by Samuel Beal | 1884 | 224,928 words | ISBN-10: 8120811070
This is the English translation of the travel records of Xuanzang (or, Hiuen Tsiang): a Chinese Buddhist monk who traveled to India during the seventh century. This book recounts his documents his visit to India and neighboring countries, and reflects the condition of those countries during his time, including temples, culture, traditions and fest...
Note: Śatadru (also spelled Sutudrī, śatudrī, and śitadrus) means “flowing in a hundred branches” and is the name of the Satlaj.
This country is about 2000 li from east to west, and borders on a great river. The capital is 17 or 18 li in circuit. Cereals grow in abundance, and there is very much fruit. There is an abundance of gold and silver found here, and precious stones. For clothing the people wear a very bright silk stuff; their garments are elegant and rich. The climate is warm and moist. The manners of the people are soft and agreeable; the men are docile and virtuous. The high and low take their proper place. They all sincerely believe in the law of Buddha and show it great respect. Within and without the royal city there are ten saṅghārāmas, but the halls are now deserted and cold, and there are but few priests. To the south-east of the city 3 or 4 li is a stūpa about 200 feet high, which was built by Aśoka-rāja. Beside it are the traces where the four past Buddhas sat or walked.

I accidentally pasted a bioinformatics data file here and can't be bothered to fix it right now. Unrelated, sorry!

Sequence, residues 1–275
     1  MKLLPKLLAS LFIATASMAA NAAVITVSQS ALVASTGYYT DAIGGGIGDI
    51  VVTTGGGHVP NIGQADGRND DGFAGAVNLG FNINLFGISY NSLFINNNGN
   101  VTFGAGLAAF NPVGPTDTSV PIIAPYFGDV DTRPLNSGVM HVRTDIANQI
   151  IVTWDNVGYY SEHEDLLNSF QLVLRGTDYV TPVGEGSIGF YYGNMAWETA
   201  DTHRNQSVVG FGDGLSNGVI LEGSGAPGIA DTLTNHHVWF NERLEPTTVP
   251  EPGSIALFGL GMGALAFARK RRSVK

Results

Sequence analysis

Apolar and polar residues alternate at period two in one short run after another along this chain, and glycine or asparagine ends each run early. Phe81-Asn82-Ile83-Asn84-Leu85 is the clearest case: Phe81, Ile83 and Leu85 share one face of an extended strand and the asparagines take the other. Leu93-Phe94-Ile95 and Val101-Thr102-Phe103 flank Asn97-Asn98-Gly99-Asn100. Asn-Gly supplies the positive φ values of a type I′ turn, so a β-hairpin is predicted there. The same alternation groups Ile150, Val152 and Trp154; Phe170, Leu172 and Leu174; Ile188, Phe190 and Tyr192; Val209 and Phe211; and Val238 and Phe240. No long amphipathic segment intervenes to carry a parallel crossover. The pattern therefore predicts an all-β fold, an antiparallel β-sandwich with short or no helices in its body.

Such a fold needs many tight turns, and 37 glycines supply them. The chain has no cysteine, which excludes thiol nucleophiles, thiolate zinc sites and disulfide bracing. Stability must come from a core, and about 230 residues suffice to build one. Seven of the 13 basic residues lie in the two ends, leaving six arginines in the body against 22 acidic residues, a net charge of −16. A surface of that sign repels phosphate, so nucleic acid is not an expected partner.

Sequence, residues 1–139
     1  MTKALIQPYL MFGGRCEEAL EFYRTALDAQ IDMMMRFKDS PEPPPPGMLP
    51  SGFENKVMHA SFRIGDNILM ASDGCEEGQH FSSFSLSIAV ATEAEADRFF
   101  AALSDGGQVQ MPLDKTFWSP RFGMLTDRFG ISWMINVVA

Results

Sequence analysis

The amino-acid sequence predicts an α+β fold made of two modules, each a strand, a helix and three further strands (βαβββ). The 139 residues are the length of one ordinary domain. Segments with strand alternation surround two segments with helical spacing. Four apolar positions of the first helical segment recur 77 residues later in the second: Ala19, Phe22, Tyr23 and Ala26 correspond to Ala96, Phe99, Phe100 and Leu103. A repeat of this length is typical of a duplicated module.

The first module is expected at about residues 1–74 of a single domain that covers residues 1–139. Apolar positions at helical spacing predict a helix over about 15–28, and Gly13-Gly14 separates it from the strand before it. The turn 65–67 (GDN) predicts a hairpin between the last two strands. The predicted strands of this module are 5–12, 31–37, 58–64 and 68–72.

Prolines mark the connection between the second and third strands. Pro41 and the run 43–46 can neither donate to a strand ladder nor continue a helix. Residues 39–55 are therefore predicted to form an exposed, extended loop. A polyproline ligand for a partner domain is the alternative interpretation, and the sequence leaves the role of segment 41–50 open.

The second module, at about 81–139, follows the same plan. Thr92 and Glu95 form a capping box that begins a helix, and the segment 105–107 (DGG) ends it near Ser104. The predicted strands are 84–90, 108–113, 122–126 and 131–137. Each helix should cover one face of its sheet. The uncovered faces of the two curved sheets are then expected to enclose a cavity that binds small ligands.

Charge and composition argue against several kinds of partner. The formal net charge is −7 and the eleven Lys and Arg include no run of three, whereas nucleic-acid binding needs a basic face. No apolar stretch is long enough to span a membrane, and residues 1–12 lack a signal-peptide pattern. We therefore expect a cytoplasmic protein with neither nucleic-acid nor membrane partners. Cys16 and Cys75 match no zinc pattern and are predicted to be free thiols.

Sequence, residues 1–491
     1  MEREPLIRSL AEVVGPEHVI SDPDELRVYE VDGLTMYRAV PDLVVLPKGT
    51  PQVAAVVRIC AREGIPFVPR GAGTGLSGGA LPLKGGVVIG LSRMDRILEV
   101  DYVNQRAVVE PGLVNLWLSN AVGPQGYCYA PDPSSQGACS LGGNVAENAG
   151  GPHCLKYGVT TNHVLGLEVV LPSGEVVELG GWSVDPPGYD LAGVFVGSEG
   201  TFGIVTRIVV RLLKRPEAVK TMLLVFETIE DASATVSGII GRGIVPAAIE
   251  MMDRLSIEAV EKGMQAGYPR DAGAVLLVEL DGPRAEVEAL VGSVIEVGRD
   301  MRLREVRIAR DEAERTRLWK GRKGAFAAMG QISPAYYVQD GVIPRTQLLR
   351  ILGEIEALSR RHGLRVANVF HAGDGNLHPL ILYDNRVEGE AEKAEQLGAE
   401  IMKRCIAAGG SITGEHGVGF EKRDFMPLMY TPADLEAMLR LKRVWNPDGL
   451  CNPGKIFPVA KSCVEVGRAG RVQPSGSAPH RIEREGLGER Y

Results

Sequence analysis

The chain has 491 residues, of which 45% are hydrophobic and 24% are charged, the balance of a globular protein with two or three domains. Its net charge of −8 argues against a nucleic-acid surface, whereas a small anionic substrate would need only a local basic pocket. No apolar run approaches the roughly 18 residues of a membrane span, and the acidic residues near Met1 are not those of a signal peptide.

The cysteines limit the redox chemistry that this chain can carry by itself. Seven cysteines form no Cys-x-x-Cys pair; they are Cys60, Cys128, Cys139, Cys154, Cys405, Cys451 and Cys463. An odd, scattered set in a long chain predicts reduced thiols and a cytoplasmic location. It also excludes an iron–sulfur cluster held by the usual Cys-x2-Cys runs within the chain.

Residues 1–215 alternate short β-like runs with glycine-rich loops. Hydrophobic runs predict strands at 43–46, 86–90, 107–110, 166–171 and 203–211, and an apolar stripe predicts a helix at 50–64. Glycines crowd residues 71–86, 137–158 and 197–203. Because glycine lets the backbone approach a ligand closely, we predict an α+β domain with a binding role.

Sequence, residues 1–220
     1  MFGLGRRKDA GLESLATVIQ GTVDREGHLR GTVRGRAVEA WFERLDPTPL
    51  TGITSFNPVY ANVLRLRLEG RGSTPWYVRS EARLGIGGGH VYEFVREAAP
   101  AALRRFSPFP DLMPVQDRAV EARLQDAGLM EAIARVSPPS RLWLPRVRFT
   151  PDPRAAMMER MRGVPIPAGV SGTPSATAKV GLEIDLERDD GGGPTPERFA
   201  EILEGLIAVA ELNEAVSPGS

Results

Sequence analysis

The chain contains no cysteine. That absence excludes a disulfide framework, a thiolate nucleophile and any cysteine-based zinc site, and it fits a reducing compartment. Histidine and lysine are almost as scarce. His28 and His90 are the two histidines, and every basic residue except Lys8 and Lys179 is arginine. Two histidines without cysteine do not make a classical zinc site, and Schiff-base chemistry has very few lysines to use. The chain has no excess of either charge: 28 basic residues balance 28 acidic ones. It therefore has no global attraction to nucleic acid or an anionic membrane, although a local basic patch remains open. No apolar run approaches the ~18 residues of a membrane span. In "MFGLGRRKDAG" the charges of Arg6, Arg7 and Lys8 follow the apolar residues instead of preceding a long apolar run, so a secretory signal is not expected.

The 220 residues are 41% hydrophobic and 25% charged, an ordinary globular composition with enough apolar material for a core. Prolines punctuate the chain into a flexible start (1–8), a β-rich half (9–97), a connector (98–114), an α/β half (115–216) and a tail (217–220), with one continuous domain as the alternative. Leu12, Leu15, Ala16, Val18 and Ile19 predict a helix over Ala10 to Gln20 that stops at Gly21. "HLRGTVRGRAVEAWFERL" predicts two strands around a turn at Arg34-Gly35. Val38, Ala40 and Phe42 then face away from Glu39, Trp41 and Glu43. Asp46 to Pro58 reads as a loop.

Going again from this south-west about 800 li, we come to the kingdom of Po-li-ye-to-lo (Pāryātra).
Footnotes and references:
śatadru—also spelled Sutudrī, śatudrī, and śitadrus, "flowing in a hundred branches"—the name of the Satlaj (Gerard's Koonawur, p. 28). It is the Hesidrus (or Hesudrus?) of Pliny (H. N., lib. vi. c. 17, 21) and the Zaradros or Zadadrês of Ptolemy (lib. vii. c. 1, 27, 42). See Lassen, Ind. Alt., vol. i. p. 57. It also appears to have been the name of a kingdom of which Sarhind was probably the chief town, referred to in the text.